“Portrait of a Lady on Fire” is also new to Blu-Ray this week.
Murder By Decree
There’s a banter between Sherlock Holmes and Dr. Watson that, when done properly, is musical. The contrast between the flabbergasted Watson, played in 1979’s “Murder by Decree” by James Mason, and the exuberant Sherlock Holmes (Christopher Plummer), creates a rhythm. Holmes’s speech inflections bounce well off of Watson’s more even-keeled delivery to create a pleasurable melody that flows from one line to the next.
Of course, in order to pull off such an accomplishment the lines must be well-written, which they are in the screenplay by John Hopkins. The actors must also be talented and well-tuned enough to pick up on the rhythm, which Mason and Plummer most certainly are. Credit should also be given to Bob Clark for either directing the scenes this way or having the good sense enough to know that what the actors are doing is brilliant and leave them alone. Either way, “Murder by Decree” is a fun movie to listen to.
It’s also a fascinating movie to watch. In it, Holmes and Watson take on the task of solving the grisly “Jack the Ripper” murders that occurred in Whitechapel, London, in 1888. The movie starts off with foggy London streets (are there any other kind in movies set in this time and place?) and we see a first-person point of view of a woman getting attacked. Given that this is a PG-rated movie, nothing is too graphic.
It turns out that this is the third “Ripper” victim out of an eventual five total. Holmes and Watson are tasked by private citizens to find the killer. This is against the wishes of Scotland Yard’s new chief inspector Sir Charles Warren (Anthony Quayle), who does not like Holmes near the crime scenes or making inquiries and makes no secret of it. Warren is pompous and quick-tempered, a perfect contrast to the intellectual and emotionally centered Holmes. Since the killer of this movie is more of a McGuffin than an antagonist, it’s good for Holmes to have an adversary of some kind to play off of, even if they are presumably on the same side of the law.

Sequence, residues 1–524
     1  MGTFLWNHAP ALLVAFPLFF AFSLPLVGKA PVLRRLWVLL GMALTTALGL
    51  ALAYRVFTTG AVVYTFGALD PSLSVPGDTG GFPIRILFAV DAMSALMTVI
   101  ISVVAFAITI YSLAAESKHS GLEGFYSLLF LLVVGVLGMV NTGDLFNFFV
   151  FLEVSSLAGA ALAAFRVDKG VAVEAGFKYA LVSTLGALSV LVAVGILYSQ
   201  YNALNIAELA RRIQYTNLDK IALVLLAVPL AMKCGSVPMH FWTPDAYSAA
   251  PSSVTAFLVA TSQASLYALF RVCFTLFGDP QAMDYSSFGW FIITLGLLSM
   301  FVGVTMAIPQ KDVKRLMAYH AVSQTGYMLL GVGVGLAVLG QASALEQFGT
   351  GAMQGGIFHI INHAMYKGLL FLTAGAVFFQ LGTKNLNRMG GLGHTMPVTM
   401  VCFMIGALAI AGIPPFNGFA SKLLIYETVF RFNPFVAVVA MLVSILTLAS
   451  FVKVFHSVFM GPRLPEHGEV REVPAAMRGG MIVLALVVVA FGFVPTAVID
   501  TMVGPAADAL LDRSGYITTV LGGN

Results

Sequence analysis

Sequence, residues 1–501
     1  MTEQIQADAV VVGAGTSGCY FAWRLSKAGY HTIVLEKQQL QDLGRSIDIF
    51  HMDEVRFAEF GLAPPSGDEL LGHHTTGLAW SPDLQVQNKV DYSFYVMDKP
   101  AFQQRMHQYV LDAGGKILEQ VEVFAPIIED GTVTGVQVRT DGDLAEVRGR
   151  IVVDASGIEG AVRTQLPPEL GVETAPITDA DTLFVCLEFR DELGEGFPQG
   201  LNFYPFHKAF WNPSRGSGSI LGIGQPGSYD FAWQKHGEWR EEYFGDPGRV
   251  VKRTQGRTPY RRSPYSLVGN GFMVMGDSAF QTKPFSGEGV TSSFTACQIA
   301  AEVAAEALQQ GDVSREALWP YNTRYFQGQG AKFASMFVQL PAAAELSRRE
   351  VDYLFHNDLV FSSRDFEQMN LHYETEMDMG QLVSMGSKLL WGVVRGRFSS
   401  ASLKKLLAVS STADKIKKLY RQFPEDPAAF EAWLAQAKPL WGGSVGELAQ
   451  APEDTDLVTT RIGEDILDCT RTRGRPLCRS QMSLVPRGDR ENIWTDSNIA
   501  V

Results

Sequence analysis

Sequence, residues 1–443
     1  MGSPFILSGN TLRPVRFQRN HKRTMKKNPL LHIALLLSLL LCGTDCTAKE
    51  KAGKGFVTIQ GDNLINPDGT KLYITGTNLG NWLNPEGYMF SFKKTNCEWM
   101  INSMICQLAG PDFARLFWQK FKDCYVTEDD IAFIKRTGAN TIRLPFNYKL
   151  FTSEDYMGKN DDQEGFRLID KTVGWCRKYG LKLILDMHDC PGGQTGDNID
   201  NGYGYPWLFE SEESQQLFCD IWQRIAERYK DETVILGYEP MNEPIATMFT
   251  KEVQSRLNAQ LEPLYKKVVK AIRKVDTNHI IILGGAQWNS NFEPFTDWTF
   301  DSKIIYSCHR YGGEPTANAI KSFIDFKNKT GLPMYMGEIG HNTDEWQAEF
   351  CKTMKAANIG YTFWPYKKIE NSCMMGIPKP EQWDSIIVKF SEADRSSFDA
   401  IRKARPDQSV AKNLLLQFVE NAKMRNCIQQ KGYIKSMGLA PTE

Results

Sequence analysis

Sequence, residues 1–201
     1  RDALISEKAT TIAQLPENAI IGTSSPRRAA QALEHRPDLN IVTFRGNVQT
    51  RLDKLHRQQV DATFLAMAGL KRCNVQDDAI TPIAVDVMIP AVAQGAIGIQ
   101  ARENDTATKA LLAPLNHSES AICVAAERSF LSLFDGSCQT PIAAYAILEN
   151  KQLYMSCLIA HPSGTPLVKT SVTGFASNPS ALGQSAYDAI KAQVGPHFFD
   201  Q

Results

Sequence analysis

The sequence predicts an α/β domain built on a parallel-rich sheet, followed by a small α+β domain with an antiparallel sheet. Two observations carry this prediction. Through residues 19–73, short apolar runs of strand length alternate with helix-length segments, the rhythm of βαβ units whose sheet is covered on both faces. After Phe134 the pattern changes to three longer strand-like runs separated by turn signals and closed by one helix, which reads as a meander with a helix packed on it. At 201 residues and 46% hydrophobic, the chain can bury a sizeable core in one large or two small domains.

As the investigation proceeds, the movie takes interesting dramatic license with the real-life people and events involved in the “Ripper” murders. One such person is psychic medium Robert Lees (Donald Sutherland), who in real-life offered his services to the police to catch the killer but was turned away. Holmes is not so quick to dismiss Lees since after all, as Holmes himself once said in one of Sir Arthur Conan Doyle’s books, “Once you eliminate the impossible, whatever remains, no matter how improbable, must be the truth.”
“Murder by Decree” also explores the potential involvement of the secret order of the Freemasons as well as the real meaning of the word “Juwes” that was written on a wall near one of the murders. Holmes catches on to these clues quick. Thank goodness we in the audience have Watson as our entry way into the movie. He gets confused and has questions when Holmes is too many steps ahead. Ever the patient man, Holmes kindly explains what he is thinking to Watson thereby bringing him—and us—up to speed.
By the time we get to the last 15 minutes of the movie and John Gielgud shows up as Prime Minister Lord Salisbury, the labyrinthian explanation of events Holmes lays out may have your head spinning. This is where “Murder by Decree” gets a bit too clever for its own good. But I will take clever and interesting over dumb and boring any day. Buy it.
“Portrait of a Lady on Fire,” French language movie that takes place on an isolated island in Bretagne at the end of the eighteenth century, in which a female painter is obliged to paint a wedding portrait of a young woman, starring Noémie Merlant, Adèle Haenel, and Valeria Golino.